Tuesday, December 24, 2019
R2-P2 -- The robot method that'll make large scale phosphoproteomics realistic!
Try forgetting the name of this great new method (you're welcome! this is the kind of stuff I contribute to society)!
And if it brings some awareness to a fantastic new study that shows some demonstrates a way to fix several of the fundamental problems in my field, then it's worth it to me if a few more people think I'm an idiot than did yesterday.
I hate phosphoproteomics and I bet you do too. Sure, maybe it pays the bills, but it's a terrible situation for everyone. The phosphopeptides themselves are finicky. You can't mess around. If you even lyse the sells just a little bit slower than last time it seems like things have changed. And I don't care what kit you're looking at. You'll see 3 barely visible beads in the lid of the tubes you bought and you'll think, just for a second, about maybe calling out sick the rest of your career. And even when you (or someone way better at sample prep than you, in my case) does everything perfect the replicates are often still sad. There are too many variables -- there is too much sample handling. There are too many steps. There are too many places where a pH off by 0.1 will ruin the number of those awful looking fragmentation spectra that you're going to get in the end.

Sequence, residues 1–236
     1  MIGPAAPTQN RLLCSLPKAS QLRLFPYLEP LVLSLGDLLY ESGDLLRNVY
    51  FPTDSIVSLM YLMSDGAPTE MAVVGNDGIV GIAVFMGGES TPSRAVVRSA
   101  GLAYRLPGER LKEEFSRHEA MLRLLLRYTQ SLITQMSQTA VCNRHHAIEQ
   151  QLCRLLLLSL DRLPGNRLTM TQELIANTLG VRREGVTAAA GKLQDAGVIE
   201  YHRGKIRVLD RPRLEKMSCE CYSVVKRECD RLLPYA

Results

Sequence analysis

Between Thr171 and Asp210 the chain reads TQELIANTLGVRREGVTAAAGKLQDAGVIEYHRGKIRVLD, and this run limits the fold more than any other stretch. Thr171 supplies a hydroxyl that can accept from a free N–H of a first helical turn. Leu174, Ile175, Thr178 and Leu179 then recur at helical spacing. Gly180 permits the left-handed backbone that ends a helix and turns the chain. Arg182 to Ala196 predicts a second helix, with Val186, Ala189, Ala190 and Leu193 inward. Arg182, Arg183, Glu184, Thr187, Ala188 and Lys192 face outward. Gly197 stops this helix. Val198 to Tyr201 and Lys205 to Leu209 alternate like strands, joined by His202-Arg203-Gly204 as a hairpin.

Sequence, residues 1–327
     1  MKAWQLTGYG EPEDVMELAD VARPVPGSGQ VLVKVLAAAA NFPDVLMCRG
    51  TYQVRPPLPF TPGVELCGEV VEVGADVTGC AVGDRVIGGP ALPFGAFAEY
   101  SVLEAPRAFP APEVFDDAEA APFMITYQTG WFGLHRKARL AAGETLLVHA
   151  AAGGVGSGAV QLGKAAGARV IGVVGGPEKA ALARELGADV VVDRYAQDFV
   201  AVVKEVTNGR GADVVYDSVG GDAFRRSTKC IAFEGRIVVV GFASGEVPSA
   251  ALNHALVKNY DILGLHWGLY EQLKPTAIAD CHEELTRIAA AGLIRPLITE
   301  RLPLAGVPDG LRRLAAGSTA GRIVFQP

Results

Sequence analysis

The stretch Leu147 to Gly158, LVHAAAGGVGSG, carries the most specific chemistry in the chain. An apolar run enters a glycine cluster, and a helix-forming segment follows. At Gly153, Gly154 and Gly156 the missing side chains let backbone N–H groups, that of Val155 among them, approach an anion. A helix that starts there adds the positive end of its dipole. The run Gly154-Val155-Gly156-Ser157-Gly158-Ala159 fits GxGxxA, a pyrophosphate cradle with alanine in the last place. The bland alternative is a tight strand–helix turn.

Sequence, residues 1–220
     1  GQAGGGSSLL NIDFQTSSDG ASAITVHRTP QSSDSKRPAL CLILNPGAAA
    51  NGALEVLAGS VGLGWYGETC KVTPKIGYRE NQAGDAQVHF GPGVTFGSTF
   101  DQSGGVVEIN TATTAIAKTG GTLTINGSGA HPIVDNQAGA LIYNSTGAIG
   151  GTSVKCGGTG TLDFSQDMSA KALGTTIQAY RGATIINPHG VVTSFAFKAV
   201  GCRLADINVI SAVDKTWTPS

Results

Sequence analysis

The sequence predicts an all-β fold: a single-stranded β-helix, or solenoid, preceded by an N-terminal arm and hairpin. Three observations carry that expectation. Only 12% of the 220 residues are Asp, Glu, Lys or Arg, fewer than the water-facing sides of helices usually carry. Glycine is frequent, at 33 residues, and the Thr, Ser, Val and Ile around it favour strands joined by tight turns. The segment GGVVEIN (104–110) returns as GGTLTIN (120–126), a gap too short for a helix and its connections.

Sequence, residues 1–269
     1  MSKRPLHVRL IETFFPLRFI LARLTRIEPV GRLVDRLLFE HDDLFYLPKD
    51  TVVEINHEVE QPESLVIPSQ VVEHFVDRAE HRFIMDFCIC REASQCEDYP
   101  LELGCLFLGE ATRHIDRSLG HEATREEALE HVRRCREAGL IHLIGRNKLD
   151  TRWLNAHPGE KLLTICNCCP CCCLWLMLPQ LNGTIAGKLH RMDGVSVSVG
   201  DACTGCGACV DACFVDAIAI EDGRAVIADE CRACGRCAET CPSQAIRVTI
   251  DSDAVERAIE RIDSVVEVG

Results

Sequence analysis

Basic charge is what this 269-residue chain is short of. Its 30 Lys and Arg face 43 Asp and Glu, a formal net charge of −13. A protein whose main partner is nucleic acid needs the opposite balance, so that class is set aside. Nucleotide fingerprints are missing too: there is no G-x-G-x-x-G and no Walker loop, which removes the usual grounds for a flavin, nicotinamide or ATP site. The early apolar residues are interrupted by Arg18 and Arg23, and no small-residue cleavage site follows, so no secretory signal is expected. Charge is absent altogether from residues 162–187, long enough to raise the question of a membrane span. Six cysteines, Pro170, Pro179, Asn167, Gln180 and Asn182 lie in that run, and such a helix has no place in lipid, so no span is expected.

Would someone please just find an affordable robot and do the most incredibly boring study in the history of the galaxy and just work out every miserable variable and just provide a realistic way to do large scale phosphoproteomics prep??? That's all I'm asking for. Oh -- and please make it open access. I'm off campus....
How does R2-P2 do?
Cheap Robot? BOOM!
KingFisher!! (Not OpenTrons cheap, but affordable as robots go [and, btw, if you didn't know, it is marketed by multiple companies under different names with different lables on it. Shop around, you can get them 1/2 or 1/3 price depending on if it says RioBad or FermoTisher or something else (I forget the third one). Not making that up.
All the boring details worked out? BOOM!
This group did everything. I respect and pity them for the amount of work this study must have been (I guess it got easier once the robot was functional)
Compatible with large scale?
Maybe yeast phosphoproteomics isn't the most complex system, but they do a bunch of replicates and perturb some central MAPK systems and the data looks awesome. It seems very realistic that you could scale this up to larger systems easily.
And the paper is open access!
Look -- this isn't the first automated phosphoproteomics prep system, and it won't be the last, but this checks all the right boxes. 100% recommended paper.
You're fragmentation spectra will still look like garbage, but that's physics and chemistry and stuff -- what we need is a reproducible way of getting to the same garbage spectra every time.